The UK’s “golden era” of cheap food is coming to an end, the former Sainsbury’s boss Justin King has warned, saying households should be prepared for higher grocery bills in the long term.
King claimed supermarkets could not be expected to absorb the extra costs entirely or protect consumers from rising prices, despite having announced higher earnings, as their net profit margins are only around 3%.
Instead, shoppers must making hard choices on how they spend their money, particularly as soaring inflation – made worse by the ripple effects of the war in Ukraine – pushed up prices on supermarket shelves.
King told BBC Radio 4’s Today programme
“We have been perhaps through a golden era. We spend much less as a proportion on average of our household budgets on food than we had almost any time in history, and that’s been [on] a long, gentle decline. So I suspect what we will see is a higher proportion, across the piece, spent on food for the longer term.
“It won’t actually be that high in historical terms but it will require adjustments in terms of how we all prioritise our family budget spending,” King added.
Here’s the full story:
Jacob Rees-Mogg’s call for higher UK interest rates comes amid growing irritation, and worse, against the Bank of England over its performance.
Conservative MPs are blaming the BoE for failing to get a grip on inflation, creating the cost of living crisis (for which the government has few answers, critics say)
Some argue the Bank should not have waited until last December to start lifting interest rates, as the FT explains:
Liam Fox, a former cabinet minister, told the Commons that the BoE had “consistently underestimated the threat” of rising inflation, which the BoE fears could top 10 per cent later this year.
“The BoE persisted beyond any rational interpretation of the data to tell us that inflation was transient, then that it would peak at 5 per cent,” he said. Fox said the Commons Treasury select committee should launch an investigation into the central bank’s handling of inflation.
His comments reflect growing anger on the Tory benches towards the BoE. One member of the government said that the BoE had “got it completely wrong at every single moment of this crisis” and it should have “obviously” tightened monetary policy sooner.
Brexit minister Jacob Rees-Mogg has urged the Bank of England to hike interest rates, and rejected calls for an emergency budget to help struggling households.
Speaking to Times Radio, Rees-Mogg said ‘tighter monetary policy’, ie higher borrowing costs, would help cool inflation, which could hit 10% by the end of the year.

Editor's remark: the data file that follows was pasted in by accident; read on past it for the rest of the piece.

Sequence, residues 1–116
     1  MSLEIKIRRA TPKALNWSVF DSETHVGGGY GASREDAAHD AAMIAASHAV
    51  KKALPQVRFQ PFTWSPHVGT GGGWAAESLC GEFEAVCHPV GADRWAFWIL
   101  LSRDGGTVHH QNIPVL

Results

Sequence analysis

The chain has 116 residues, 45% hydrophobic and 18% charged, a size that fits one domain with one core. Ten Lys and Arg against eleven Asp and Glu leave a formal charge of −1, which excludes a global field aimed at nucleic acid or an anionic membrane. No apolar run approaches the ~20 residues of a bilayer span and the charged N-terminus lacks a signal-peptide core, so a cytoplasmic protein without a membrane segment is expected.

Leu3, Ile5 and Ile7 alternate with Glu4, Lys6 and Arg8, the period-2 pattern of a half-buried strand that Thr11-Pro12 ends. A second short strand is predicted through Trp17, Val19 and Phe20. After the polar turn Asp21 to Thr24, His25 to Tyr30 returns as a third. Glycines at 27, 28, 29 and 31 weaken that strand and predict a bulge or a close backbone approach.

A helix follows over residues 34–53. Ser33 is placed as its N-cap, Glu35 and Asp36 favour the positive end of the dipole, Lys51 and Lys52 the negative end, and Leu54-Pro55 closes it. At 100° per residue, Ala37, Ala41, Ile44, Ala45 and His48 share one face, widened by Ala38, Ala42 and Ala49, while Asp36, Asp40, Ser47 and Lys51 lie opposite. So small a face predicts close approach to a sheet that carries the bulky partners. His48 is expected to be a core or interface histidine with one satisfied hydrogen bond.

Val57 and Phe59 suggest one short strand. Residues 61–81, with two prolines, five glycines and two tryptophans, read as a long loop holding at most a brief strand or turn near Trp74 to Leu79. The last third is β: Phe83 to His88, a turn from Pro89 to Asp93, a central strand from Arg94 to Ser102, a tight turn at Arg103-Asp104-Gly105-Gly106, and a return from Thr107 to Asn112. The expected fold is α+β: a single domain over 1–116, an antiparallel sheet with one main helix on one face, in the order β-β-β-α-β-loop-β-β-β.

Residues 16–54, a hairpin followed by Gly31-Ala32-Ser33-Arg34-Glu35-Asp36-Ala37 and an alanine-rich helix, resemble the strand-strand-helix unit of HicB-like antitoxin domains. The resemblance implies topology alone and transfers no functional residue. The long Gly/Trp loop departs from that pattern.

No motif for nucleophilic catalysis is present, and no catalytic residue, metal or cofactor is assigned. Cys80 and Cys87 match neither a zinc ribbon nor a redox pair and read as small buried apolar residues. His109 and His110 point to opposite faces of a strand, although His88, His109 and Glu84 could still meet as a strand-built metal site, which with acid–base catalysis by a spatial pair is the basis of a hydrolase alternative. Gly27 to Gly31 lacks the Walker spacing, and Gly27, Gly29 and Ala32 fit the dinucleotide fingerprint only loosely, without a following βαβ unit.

But he pushed back against helping people now through higher spending, even through calls for more assistance grow daily.
“The right responses are tighter monetary policy, which is the responsibility of the Bank of England, and constrained fiscal policy.
An emergency budget is not likely to be an answer to this. What is going to be an answer are essentially long-term measures combined with the immediate help that’s been given to people who are particularly affected.”
But…‘Long-term measures’ don’t help people who simply don’t have the money to pay surging energy bills and rising food costs, though, which is why the boss of John Lewis yesterday called for a financial support package.
The Bank of England is itself split over how fast to tighten policy. It raised interest rates to 1% last week, but three of the nine policymakers on the MPC wanted a bigger jump to 1.25%.
The committee is also divided about much further tightening will be needed, as it tries to balance pressures from inflation and slowing growth.
Rees-Mogg, meanwhile, told GB News that increased public spending would fuel inflation:
“The problem with spending more money is you make the inflationary problem worse rather than better.
This is very difficult for politicians because with a cost of living problem there aren’t easy popular things to do, and if you do those you make the problem worse.”
But, a fiscal tightening at a time when the economy is alreading slowing, increases the risks of a downturn…. and sounds like a return to the economic policies of the 1980s…
The US stock market has borne the brunt of this week’s turbulence, due to the tumble in technology giants.
The Nasdaq Composite has shed 6% so far this week, while the UK’s FTSE is currently down less than 1% for the week, and Germany’s DAX is actually over 1% higher.
So far this year, the Nasdaq Composite has lost 28% — as investors turned cold on fast-growing tech stocks which had previously enjoyed generous valuations based on their future prospects, not their current profits.
The Financial Times’s Richard Waters has calculated that the five biggest tech companies have shed nearly $2.6tn in value since the start of the year, a 26% drop.
But the axe is hanging ominously over smaller, high-growth tech companies, he adds:
This is where valuations became most stretched, and where the market is having most trouble finding its nadir. As investors grope for more appropriate financial yardsticks with which to judge these companies, as well as the right valuation multiples to apply to those metrics, volatility is likely to remain high.
Multiples of revenues were a favourite that growth investors used to chase stocks higher, at least until the turn that set in last November. On this measure, there is ample room for further declines, particularly since markets often overshoot on the way down as well as on the way up.
And here’s a reminder of just how sharply tech stocks have fallen:
Recession fears have also hurt copper, seen as a good measure of the health of the global economy.
Copper is trading around a seven-month low in London today, at around $9,051 per tonne.
That puts copper on track for its sixth weekly fall in a row, due to fears that a global economic slowdown will hit demand.
Cryptocurrency prices are recovering some ground this morning.
Bitcoin (still over $30,000) and Etherium are both up around 9% over the last 24 hours, but that only recovers a little of this week’s heavy losses.
Ipek Ozkardeskaya, senior analyst at Swissquote Bank, says the dust seems to be settling in cryptocurrencies.
Terra and Luna are now worth almost nothing and probably won’t regain the investors’ confidence, and Tether, another stable coin had a mini crash to 0.95, BUT it recovered fast before things got serious, and Bitcoin returned past the $30K, which is a sign that the confidence in the broader sector may have not been damaged as much as we first feared.
This being said, the crypto investors will certainly be pickier in selecting their holdings from now on, as the Terra incident comes as a warning that the cryptocurrencies can crash as fast as they emerge.
It’s also been a rough week for gold, which hit its lowest level since February.
Spot gold has dropped around 3% this week, and is trading around $1,826 per ounce, on track for its fourth weekly drop in a row.
Gold is often pitched as a hedge against inflation, and market volatility, so you might have expected a rally. However, gold’s lack of a yield can count against it — the rise in short-term interest rates and bond yields mean there are better opportunities to make (or lose!) money.